Good Mary

Good Mary,
_____Traveling to Bethlehem,
_____Toiling to bear the gift,
_____Travailing near a manger,
What is this you’re doing?

What is this I’m doing?
_____Trying to give birth to the Resurrection and the Life,
_____Turning in my stomach and my thoughts,
_____Taking difficult, wonderful breaths,
_____Trusting in the sovereign plan,
_____Tasting the relief of delivery,
_____Transfixing on my son,
_____Treasuring in my heart,
_____Tearing up,
_____Tearing up,
What is this I’m doing?

Good Mary,
_____Traveling from Magdala,
_____Toiling to bear the loss,
_____Trembling near the grave,
What is this you’re doing?

What is this I’m doing?
_____Trying to grieve the death of the One who resurrected my life,
_____Turning to see a man . . . and hearing my name,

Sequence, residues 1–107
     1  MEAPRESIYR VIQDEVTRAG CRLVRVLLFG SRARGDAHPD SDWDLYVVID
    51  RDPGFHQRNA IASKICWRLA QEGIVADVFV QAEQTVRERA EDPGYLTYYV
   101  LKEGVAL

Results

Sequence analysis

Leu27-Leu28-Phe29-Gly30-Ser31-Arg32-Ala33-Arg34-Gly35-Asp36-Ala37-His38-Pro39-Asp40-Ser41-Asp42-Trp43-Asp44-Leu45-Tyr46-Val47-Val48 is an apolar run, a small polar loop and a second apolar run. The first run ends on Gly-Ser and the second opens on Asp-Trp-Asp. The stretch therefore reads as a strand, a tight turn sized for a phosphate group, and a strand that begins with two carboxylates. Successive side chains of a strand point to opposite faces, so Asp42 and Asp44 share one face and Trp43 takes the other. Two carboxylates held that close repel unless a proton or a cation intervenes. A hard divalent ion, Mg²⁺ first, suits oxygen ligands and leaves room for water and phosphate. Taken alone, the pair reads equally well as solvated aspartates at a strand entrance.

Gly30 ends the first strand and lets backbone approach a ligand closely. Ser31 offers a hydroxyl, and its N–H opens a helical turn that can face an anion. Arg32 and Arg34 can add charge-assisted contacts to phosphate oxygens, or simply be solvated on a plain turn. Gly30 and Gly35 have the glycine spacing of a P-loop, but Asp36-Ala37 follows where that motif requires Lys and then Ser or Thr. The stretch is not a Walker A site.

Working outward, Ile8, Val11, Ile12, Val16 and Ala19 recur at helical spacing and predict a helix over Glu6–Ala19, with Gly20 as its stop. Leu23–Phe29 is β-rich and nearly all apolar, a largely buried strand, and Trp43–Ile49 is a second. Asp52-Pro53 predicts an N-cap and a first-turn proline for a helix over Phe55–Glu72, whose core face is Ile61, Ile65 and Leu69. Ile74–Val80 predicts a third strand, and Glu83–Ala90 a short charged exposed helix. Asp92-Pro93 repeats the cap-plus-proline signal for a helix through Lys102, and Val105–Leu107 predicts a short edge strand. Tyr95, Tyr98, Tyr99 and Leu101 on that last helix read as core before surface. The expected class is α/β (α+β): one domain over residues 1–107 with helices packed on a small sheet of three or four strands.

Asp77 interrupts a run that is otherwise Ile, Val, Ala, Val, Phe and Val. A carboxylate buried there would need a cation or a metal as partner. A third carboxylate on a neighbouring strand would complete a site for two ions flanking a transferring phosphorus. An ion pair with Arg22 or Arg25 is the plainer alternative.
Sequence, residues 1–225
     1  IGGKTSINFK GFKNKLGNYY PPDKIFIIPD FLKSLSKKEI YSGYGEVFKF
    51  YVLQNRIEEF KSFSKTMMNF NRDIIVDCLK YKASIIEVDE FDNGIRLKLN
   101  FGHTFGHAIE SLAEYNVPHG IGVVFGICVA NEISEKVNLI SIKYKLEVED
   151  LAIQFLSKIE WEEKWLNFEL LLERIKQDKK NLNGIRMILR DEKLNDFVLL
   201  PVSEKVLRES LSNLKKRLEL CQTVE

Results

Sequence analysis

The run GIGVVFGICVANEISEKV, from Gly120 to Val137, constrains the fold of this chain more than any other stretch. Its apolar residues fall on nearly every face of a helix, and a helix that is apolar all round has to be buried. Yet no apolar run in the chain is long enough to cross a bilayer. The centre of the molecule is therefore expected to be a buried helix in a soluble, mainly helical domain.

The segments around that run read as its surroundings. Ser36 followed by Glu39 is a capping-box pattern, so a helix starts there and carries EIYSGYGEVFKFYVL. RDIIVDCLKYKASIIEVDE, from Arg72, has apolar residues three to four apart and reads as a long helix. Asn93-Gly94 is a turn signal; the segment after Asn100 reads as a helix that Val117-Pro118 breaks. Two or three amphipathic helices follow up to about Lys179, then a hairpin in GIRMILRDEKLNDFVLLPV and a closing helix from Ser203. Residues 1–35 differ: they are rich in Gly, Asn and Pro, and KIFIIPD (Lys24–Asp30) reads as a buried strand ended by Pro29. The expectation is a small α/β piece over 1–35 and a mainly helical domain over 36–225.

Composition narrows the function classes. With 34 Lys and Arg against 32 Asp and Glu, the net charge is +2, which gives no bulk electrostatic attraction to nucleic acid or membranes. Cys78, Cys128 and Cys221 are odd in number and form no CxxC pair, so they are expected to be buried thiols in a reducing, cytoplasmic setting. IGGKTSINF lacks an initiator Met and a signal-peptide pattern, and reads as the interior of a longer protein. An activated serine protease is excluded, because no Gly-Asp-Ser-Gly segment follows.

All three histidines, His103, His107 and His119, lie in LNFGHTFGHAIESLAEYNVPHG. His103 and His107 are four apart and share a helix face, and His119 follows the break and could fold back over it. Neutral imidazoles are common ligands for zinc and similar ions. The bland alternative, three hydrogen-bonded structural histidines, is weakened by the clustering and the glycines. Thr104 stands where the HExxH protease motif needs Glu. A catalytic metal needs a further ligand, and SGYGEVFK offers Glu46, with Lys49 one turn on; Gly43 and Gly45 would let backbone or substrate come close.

_____Taking difficult, wonderful breaths,
_____Transforming in a moment of joy,
_____Tasting the relief of deliverance,
_____Transfixing on the Son,
_____Treasuring his life,
_____Tearing up,
_____Tearing up,
What is this I’m doing?

Author’s Notes:

This poem is the complement to my earlier poem, “Good Joseph.” When read together, this one is intended to go second. They are obviously the same structure with similar devices. The key note of difference is in the emotion at the end. Joseph of Arimathea’s was perplexed sorrow while Mary Magdalene’s is exuberant relief.

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